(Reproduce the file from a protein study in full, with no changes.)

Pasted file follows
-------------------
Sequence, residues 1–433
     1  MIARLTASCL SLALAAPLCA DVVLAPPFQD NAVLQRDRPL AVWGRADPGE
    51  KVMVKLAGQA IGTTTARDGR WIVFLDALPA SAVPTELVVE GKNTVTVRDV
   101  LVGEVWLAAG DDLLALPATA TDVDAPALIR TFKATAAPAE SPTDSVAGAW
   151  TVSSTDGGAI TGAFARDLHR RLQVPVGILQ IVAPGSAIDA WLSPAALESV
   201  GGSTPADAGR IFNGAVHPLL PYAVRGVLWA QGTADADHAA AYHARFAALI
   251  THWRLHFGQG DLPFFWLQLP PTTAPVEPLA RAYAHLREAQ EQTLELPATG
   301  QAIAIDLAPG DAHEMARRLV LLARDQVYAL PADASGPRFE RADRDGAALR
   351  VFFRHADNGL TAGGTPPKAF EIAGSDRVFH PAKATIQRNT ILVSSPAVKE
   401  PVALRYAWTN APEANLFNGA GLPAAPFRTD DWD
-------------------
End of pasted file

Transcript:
Sequence, residues 1–433
     1  MIARLTASCL SLALAAPLCA DVVLAPPFQD NAVLQRDRPL AVWGRADPGE
    51  KVMVKLAGQA IGTTTARDGR WIVFLDALPA SAVPTELVVE GKNTVTVRDV
   101  LVGEVWLAAG DDLLALPATA TDVDAPALIR TFKATAAPAE SPTDSVAGAW
   151  TVSSTDGGAI TGAFARDLHR RLQVPVGILQ IVAPGSAIDA WLSPAALESV
   201  GGSTPADAGR IFNGAVHPLL PYAVRGVLWA QGTADADHAA AYHARFAALI
   251  THWRLHFGQG DLPFFWLQLP PTTAPVEPLA RAYAHLREAQ EQTLELPATG
   301  QAIAIDLAPG DAHEMARRLV LLARDQVYAL PADASGPRFE RADRDGAALR
   351  VFFRHADNGL TAGGTPPKAF EIAGSDRVFH PAKATIQRNT ILVSSPAVKE
   401  PVALRYAWTN APEANLFNGA GLPAAPFRTD DWD